Kabul Cosmopolitan: Radio Afghanistan and the Politics of Popular Culture, 1960–79

Friday, January 5, 2018: 1:50 PM
Columbia 10 (Washington Hilton)
Mejgan Massoumi, Stanford University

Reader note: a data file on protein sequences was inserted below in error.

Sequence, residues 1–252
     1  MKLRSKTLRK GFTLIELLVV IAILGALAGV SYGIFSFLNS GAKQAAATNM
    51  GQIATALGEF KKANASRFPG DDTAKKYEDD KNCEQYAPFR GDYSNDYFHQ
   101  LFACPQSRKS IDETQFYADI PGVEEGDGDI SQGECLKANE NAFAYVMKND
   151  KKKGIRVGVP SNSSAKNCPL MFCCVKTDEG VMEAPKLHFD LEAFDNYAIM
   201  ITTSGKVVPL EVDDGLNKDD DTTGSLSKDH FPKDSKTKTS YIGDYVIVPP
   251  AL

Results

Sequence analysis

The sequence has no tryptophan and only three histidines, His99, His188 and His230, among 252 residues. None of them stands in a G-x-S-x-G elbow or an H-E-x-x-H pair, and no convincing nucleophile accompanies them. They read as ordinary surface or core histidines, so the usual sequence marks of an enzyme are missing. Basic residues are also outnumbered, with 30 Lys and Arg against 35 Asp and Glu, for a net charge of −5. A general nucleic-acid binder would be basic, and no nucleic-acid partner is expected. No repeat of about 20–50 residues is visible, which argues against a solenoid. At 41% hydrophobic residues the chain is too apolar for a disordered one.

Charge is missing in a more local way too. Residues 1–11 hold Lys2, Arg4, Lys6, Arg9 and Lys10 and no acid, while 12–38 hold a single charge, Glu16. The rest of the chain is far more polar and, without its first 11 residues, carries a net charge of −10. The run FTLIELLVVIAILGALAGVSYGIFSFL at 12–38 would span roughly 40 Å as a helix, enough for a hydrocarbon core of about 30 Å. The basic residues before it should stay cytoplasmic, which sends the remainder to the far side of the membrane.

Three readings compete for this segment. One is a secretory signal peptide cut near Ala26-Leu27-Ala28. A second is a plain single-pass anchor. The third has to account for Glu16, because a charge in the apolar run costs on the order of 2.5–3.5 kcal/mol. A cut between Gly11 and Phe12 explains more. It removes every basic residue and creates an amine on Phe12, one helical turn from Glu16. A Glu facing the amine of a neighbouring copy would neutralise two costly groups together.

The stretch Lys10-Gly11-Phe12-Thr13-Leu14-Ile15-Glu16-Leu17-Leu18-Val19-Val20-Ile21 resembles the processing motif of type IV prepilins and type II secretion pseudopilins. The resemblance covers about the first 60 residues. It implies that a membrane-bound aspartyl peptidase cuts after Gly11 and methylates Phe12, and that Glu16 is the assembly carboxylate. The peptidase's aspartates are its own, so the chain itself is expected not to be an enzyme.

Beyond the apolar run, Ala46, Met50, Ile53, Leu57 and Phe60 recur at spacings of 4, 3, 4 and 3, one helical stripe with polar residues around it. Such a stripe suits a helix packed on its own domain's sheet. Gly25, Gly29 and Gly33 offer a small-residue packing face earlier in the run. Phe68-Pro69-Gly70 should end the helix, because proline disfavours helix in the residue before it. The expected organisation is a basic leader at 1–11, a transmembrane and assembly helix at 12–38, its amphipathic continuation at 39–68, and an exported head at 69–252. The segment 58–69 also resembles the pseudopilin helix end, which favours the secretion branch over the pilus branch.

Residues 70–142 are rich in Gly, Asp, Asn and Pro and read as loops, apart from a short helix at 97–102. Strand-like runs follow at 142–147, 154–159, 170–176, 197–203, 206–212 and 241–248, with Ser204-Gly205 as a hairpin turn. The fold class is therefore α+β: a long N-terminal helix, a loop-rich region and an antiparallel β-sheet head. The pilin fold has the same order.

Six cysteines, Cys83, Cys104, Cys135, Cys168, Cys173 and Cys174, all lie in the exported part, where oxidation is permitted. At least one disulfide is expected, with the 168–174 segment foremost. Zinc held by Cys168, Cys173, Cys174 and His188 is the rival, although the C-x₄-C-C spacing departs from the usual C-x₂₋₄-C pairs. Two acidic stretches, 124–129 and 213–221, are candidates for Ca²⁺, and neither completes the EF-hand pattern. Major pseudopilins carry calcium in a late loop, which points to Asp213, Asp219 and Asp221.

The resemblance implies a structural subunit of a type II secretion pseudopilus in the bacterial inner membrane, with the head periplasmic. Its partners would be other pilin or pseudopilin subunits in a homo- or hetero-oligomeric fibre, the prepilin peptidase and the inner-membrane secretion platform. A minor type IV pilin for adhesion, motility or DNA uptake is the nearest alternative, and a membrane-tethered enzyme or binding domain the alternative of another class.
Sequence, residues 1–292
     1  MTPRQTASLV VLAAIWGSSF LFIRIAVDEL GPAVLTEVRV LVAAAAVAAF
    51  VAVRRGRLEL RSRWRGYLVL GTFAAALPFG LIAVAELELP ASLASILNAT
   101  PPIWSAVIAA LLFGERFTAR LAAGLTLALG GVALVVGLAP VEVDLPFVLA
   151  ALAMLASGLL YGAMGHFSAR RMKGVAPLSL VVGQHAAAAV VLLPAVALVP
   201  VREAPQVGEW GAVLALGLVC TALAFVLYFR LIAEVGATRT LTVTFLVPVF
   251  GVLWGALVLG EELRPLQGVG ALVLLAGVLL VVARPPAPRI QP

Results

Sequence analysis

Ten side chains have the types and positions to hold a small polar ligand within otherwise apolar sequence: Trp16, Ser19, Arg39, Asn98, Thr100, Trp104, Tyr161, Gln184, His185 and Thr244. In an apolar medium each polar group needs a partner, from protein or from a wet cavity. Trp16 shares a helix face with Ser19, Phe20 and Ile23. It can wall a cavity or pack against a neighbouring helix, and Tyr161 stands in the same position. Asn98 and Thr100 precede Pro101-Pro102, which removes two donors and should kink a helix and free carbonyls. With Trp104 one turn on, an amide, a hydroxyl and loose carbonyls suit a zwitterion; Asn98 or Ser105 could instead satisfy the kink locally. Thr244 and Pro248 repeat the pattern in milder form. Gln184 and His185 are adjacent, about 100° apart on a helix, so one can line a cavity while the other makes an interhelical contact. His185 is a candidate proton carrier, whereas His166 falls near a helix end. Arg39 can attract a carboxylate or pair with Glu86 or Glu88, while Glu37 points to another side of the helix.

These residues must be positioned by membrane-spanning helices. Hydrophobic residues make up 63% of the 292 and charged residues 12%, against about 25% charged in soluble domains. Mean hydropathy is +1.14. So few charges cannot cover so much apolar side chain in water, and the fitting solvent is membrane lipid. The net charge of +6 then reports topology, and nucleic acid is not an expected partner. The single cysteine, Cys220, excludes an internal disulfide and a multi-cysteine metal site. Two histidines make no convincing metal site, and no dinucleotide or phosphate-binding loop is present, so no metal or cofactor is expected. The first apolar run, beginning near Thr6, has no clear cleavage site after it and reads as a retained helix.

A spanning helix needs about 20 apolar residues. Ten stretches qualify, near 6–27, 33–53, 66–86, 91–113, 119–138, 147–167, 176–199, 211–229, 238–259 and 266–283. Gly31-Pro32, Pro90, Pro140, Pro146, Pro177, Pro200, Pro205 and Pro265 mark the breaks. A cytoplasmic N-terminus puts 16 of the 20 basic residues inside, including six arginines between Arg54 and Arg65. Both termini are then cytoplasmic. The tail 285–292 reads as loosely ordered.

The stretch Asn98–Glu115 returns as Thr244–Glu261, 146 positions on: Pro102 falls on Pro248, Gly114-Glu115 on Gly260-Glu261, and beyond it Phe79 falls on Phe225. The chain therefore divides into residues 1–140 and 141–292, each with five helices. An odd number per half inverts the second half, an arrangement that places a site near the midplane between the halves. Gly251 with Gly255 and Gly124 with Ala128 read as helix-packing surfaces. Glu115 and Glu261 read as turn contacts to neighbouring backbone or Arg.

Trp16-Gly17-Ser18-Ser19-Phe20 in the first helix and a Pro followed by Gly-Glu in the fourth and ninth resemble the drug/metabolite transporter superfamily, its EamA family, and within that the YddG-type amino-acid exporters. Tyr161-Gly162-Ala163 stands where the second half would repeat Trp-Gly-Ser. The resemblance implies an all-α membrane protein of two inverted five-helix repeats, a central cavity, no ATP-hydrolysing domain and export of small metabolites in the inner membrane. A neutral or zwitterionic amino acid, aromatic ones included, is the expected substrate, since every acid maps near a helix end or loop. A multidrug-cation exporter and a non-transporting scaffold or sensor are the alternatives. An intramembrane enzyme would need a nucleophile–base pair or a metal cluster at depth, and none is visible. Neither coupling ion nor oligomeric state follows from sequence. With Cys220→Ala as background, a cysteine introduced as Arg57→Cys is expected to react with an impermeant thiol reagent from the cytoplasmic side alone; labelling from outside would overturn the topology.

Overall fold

In contrast to the well-developed body of scholarly research on the impact of the state, the tribe and Islam for nation building and the formation of political ideologies in the Afghan context, cultural history – including the cultural and social history of everyday technologies – offers much that remains to be studied. This paper brings attention to the history of the development of radio in Afghanistan as an important window on the social, cultural, and political processes that took place in a thriving cosmopolitan city in the latter half of the twentieth century. It also highlights the new sounds, voices and communities that the radio cultivated, giving a more rounded understanding of the Afghans’ public life during this time. While radio broadcasting in Afghanistan began in the early 1920’s with the purchase of two broadcasting systems that functioned out of Kabul and Kandahar, it wasn’t until the early 1960’s that with the acquisition of German transmitters, a national radio station was established. Listeners followed local broadcasting that offered programming on politics, society, arts, culture and music featuring artists in and beyond Afghanistan. Both participants in and the content of radio reflected the diverse make-up of the growing capital city, Kabul. By following the thread of appeal of Afghanistan’s most popular musical icon to-date, Ahmad Zahir, we can better appreciate this diversity and the cross-border connections and exchanges that the radio enabled and disseminated. By tracing the circulation of Ahmad Zahir’s music into the Middle East, Central and South Asia, this paper offers a close examination of the scale and contours of Afghan connectivity with the wider world during this time period. Sources for this paper are drawn from sound recordings, newspapers and other print media, memoirs, historical photographs and a collection of interviews with employees of Radio Afghanistan.